Imagine taking a nap at a time when woolly mammoths roamed the plains… and then waking up in the twenty-first century. That may sound like a science fiction story, but it might be the real experience of tiny aquatic animals called rotifers.
This synthesis of the paper was sanctioned by the original author, [pace Kaeli on Twitter](https://twitter.com/corvidresearch/status/1341133890195341312). Even if you're pretty much willing to take that top-level conclusion on faith, it's interesting to read about the experimental design.
Nature is so much weirder than people give her credit for. Anyway, if you're ever looking for cuter examples than lizards for your "actually sex isn't that simple" arguments, consider these guys?
Also, I choked on air reading this (in an otherwise touching piece):
> In the early 1990s, however, it was too expensive and laborious to find answers by sequencing the bird's genome. So Tuttle initially focused on collecting more detail about their behaviour, such as how they selected mates and where they built nests. The goal was to understand what might affect offspring survival. She caught and tagged birds, drew blood samples and perfected the art of collecting semen. “Elaina was the best bird masturbator I ever met,” Gonser says.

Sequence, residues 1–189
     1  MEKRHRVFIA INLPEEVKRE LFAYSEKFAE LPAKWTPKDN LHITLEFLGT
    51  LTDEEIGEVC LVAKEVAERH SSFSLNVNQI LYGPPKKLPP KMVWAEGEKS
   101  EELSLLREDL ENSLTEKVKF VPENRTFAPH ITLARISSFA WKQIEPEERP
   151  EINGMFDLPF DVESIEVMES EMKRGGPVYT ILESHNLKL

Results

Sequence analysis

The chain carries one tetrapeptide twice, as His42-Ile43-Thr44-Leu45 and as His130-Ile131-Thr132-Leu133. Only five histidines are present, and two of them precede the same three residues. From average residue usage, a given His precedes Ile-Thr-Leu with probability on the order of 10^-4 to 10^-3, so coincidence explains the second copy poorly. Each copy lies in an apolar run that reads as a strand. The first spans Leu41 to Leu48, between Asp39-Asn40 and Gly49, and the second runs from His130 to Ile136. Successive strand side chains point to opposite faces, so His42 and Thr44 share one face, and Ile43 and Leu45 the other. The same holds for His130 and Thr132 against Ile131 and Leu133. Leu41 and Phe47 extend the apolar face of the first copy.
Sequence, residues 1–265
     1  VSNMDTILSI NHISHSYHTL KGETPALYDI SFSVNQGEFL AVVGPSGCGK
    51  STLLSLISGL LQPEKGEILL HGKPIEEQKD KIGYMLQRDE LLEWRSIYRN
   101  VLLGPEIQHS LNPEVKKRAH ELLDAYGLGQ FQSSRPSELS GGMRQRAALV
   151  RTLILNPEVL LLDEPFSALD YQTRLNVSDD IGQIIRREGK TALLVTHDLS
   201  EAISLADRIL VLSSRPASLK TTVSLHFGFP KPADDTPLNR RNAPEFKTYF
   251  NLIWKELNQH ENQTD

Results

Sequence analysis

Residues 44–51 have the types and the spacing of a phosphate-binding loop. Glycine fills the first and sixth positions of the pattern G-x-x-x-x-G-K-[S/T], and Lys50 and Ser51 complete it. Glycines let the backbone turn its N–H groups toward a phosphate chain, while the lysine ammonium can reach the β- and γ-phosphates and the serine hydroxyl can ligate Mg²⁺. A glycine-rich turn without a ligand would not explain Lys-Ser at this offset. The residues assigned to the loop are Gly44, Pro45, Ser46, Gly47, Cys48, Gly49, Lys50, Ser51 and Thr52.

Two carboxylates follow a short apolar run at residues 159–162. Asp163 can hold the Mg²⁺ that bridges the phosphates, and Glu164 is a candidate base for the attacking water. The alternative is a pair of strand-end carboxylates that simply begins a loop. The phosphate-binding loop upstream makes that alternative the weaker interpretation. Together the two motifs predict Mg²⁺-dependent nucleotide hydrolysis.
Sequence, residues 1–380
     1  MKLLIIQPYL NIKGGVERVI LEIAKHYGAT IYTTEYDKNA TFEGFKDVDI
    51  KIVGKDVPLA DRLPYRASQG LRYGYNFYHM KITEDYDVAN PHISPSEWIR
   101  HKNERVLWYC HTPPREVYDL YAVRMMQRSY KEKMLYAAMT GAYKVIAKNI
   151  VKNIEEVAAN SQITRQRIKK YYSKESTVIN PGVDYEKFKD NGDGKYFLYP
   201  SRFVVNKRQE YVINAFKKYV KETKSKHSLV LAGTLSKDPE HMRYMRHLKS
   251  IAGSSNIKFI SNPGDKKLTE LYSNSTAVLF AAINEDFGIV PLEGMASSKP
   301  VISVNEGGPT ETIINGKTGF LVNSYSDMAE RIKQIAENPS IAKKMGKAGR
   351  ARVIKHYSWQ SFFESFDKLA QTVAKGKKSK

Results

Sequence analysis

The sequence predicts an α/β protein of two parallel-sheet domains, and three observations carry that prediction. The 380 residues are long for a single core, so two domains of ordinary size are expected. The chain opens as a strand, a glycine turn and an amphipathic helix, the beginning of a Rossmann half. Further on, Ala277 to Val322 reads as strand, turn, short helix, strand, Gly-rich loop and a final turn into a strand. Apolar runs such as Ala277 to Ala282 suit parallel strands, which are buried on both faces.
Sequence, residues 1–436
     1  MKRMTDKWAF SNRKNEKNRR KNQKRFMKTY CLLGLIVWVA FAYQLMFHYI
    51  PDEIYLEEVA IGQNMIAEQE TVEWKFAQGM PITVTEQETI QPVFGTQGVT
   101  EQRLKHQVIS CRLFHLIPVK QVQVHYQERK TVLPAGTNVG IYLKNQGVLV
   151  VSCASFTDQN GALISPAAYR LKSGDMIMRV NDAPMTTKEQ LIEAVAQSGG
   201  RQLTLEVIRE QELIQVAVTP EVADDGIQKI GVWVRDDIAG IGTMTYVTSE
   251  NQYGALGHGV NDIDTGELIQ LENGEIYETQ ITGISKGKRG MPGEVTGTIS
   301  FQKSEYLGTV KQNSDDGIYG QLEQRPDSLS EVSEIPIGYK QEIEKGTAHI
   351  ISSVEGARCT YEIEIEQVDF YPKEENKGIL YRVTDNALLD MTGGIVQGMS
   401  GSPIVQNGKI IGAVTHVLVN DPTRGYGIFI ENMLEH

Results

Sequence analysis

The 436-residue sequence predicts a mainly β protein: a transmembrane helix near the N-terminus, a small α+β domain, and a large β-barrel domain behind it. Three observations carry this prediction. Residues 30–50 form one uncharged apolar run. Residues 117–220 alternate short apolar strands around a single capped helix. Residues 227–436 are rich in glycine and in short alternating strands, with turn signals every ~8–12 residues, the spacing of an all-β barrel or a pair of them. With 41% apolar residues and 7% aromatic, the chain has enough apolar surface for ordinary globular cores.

## The paper, hastily and badly summarised
The authors describe and extensively document how a Raspberry Pi can be used to, for example, study how fruit flies react to light. Why is this interesting? It provides ways to build a system that can react to the subject’s changes in behaviour using a very accessible platform: the humble Pi.
Not only can existing reactions to light or chemicals be studied using setups like these. By inserting genes that are sensitive to, for instance, light (optogenetics) in front of a gene of interest, you can control that gene’s expression using light!
## Slightly bigger picture
Well, I just love it when researchers create a tool that is simply _easier_ to use, _build_, and of course _afford_. Seeing a small thing powered by a familiar, tiny circuit board sitting on a table might make a cool new field all that more accessible, in general.